Gallinula chloropus Linnaeus, 1758
Other names: common gallinule, common waterhen, moorhen
Geographical variation: About a dozen subspecies recognised. The closest in range to New Zealand is indica, which has a distribution from northern India to Japan and south to Indonesia, and is a seasonal migrant within this range.
The common moorhen is a medium-sized member of the rail family that has an almost worldwide distribution, but is replaced by the very similar dusky moorhen in Australia. Some populations are migratory, which may explain the single record in New Zealand – a specimen claimed to be from Otago, collected over 100 years ago. Like other gallinules, including the dusky moorhen, the common moorhen is most likely to be found in wetland habitats, particularly vegetated lake margins.
The common moorhen is a medium-large dark-plumaged rail with a white undertail, red bill with a yellow tip, a red frontal shield and yellow legs. A patch of white stripes on the flank, along with leg colour, separate the common moorhen from the otherwise similar dusky moorhen. Young birds are browner and lack the red shield.
Voice: a wide range of gargling calls and will emit loud hisses when threatened.
Similar species: rare vagrant dusky moorhen lacks the white streaks on the flank line and has greenish rather than yellow legs. Compare also with Australian coot is (black undertail, white bill and shield) and black-tailed native-hen (black undertail, green-and-orange bill).
Distribution and habitat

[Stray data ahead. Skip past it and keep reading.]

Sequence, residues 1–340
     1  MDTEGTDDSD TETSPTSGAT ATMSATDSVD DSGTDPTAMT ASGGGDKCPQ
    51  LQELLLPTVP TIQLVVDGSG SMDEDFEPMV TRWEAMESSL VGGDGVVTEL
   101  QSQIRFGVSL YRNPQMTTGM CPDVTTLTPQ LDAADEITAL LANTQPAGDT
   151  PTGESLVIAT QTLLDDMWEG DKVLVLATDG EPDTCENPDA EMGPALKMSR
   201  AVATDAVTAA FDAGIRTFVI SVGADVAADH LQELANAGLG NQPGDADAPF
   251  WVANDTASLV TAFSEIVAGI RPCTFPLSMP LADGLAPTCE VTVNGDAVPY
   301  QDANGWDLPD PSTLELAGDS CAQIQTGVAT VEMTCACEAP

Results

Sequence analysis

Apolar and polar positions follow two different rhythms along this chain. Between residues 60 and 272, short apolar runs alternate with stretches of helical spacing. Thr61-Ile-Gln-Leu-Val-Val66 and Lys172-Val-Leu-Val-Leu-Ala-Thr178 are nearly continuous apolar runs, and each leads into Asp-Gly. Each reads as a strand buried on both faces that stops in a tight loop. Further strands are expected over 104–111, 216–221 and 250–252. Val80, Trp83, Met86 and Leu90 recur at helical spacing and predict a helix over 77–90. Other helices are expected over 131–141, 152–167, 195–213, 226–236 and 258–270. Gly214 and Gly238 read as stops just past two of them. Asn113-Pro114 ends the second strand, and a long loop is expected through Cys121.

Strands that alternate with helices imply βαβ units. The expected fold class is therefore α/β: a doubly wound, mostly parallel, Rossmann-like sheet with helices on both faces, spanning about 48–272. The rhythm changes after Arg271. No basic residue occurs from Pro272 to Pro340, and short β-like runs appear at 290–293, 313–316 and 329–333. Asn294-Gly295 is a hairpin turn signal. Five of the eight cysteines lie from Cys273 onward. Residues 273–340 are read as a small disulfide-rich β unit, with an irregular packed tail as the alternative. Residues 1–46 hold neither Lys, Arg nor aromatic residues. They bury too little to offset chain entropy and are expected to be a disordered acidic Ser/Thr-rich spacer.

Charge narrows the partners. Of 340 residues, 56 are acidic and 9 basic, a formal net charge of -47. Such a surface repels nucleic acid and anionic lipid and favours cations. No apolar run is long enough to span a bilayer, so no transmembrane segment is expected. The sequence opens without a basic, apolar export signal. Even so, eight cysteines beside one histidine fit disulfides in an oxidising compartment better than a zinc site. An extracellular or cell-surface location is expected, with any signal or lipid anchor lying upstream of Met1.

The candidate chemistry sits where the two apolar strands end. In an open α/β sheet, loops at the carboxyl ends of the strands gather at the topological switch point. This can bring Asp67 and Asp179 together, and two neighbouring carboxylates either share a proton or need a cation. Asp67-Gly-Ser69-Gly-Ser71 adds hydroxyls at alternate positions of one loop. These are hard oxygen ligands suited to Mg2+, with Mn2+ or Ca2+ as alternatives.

The common moorhen is abundant and very widespread in Europe, African and Asia. There are two records from Cocos (Keeling) Islands north-west of Australia, in November 2009 and 2015. The American forms, now referred to as common gallinule (G. galeata), are widespread in both North and South America. Common moorhens typically inhabit marsh environments and vegetated lakes.
New Zealand records
A single record. A specimen in the Canterbury Museum was purchased from A.C. O’Connor who had previously obtained it from the taxidermist W. Smith who worked in Dunedin from 1895-1910. There is some doubt as to whether the bird originated in New Zealand and no collector’s label was attached to the specimen. The specimen was identified by Dr Alexander Wetmore from the Smithsonian Institute as an immature G. chloropus indica with the frontal shield not fully developed.
Behaviour and ecology
Most common moorhen populations are sedentary, but northern populations exposed to severe winter conditions are migratory. They breed as territorial pairs during the spring, nesting in reedbeds on rivers and ponds. They are largely solitary throughout the year, but form feeding groups of up to 30 during the winter.
Common moorhens are omnivorous, consuming a wide variety of plants and small water creatures.
Chesser, R.T Banks, R.C.; Barker, F.K.; Cicero, C.; Dunn, J.L.; Kratter, A.W.; Lovette, I.J.; Rasmussen, P.C.; Remsen, J.V.; Rising, J.D.; Stotz, D.F.; Winker, K. 2011. Fifty-second supplement to the American Ornithologists' Union Check-List of North American Birds. Auk 128: 600-613.
Menkhorst, P.; Rogers, D.; Clarke, R.; Davies, J.; Marsack, P.; Franklin, K. 2017. The Australian bird guide. London, Christopher Helm.
Turbott,E.G.; Scarlett, R.J. 1964. Australian stragglers in New Zealand, with first record of the fan-tailed cuckoo. Notornis 11: 107-109.
de Lisle, G.W. 2013 [updated 2017]. Common moorhen. In Miskelly, C.M. (ed.) New Zealand Birds Online. www.nzbirdsonline.org.nz
- Breeding season
- Egg laying dates